If you’ve ever been to Las Vegas or seen pictures, you’ll immediately notice all of the glitz and glamor of some of the biggest, most luxurious buildings in the entire world. Those buildings weren’t built because city taxes are high.
No, those buildings were built by hard-earned, blue-collar dollars because 98 percent of gamblers lose over the long haul.
Square and Sharp Bettors
Online sportsbooks are no different. If sports betting were so simple that anyone could take the house for its money, books wouldn’t be in operation. Whether we like to admit it or not, most in the sports gambling world end up losing.
If you’re willing to begin your quest recognizing that most are defeated by the books, though, you’ll actually be manned with one of the most powerful tools to be in the minority and end up a winner.
Those who usually end up losing in the end are generally referred to as the “public,” or the “square bettors.” Those deep into pro betting who usually end up winning in the end are generally referred to as the “sharp bettors” or “wiseguys.”
How to Spot Public Sides
When an unranked team in college football is favored at home over a ranked team. When a 3-8 NFL team is favored at home over a 7-4 team. When a bad baseball team playing .400 ball is favored against a team playing .600 ball. When two teams both averaging over 30 points per game have a total of just 46.5.
You don’t need a PhD to understand what the books are doing here. Sports betting websites aren’t in business to take money from the unsuspecting public. They’re in business to try to make it so an equal amount of money is bet on both sides of the game.
So know full well when you see the Patriots lined at just -2 on the road against Buffalo, that the mass majority of people are going to think that New England is a steal.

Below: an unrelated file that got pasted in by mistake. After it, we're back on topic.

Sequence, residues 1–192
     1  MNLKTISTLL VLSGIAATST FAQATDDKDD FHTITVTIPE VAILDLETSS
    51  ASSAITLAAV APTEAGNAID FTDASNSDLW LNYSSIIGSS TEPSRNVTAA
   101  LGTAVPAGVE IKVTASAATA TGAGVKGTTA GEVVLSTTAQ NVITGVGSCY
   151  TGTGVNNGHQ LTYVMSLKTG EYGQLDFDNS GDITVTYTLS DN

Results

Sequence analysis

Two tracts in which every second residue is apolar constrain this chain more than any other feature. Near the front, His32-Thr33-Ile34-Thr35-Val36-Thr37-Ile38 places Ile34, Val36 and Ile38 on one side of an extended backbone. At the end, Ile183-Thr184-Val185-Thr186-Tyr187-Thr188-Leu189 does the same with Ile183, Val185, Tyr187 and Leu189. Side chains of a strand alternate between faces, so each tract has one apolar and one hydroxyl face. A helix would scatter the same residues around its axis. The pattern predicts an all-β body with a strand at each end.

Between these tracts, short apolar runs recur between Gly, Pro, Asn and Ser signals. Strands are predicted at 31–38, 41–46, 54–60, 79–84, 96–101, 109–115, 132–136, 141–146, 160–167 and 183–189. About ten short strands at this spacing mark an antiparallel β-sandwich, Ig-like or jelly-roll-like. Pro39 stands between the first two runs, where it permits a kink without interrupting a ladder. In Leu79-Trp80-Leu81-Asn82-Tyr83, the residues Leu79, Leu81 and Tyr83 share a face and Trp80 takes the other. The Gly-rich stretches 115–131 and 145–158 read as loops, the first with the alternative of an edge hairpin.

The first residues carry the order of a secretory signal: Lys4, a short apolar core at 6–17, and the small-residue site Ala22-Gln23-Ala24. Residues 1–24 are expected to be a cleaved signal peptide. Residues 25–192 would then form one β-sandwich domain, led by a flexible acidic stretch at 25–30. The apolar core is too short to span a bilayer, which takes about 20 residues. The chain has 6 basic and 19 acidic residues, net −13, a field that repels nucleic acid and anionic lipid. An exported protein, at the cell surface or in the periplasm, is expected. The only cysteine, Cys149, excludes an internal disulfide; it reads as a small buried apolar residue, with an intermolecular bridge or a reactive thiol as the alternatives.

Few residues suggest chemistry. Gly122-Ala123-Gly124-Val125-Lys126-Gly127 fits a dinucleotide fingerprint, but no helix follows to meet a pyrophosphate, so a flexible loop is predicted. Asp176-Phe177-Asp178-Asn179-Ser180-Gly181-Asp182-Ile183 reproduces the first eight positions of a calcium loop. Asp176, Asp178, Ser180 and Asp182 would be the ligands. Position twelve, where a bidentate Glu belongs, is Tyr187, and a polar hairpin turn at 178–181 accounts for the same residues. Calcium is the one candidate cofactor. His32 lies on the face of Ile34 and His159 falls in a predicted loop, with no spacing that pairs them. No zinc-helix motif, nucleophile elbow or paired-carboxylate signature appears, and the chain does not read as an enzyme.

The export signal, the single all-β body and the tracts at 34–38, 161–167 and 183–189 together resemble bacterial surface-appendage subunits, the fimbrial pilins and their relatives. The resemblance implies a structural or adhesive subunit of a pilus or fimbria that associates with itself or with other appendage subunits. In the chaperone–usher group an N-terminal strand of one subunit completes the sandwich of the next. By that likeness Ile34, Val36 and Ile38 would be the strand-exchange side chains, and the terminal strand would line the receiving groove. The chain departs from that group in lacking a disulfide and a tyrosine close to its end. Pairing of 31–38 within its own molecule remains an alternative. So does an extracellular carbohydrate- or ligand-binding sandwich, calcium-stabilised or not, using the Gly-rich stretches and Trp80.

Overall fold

How Sharp Bettors Think
That’s where your intuition needs to kick in about public betting. All of the sharp bettors know that the public is going to be backing the Patriots in the above example. So do the sportsbooks and sports handicappers. And though it does happen sometimes, sharps and squares are rarely playing the same side of any given game, particularly one with a spread that looks a bit fishy in the first place.
The other common public bet is the over. It happens time and time again, especially in big, prime time spots across all sports.
It’s human instinct to like to see points, runs and goals. No one likes to root for the clock to run out in a game without anything happening. So instinctively, the first gut that many public bettors have is, “Can this game get over the total?” Generally speaking, once a bettor asks himself or herself that question, they tend to talk themselves into the answer of, “Yes.”
Is the Sharp Money Against the Public?
History suggests that betting against the public in both college football and in the NFL will yield winning results in the long run. If you go back nearly a decade in the NFL, games in which 75 percent of the betting public was on one side of a game lost around 53 percent of the time. The numbers can be even more staggering in college football.
All good bettors know that winning 53 or 54 percent of the time can make you a mint in this business. That’s one of the best betting tips out there.
Sportsbooks have thrived off of public bettors making mistakes for decades upon decades. Align yourself with the books against the public, and you can put yourself in the minority of winners in the sports betting market.
What else can pro gamblers teach you? If you found this article useful, read Betting Mistakes Experienced Gamblers Would Never Make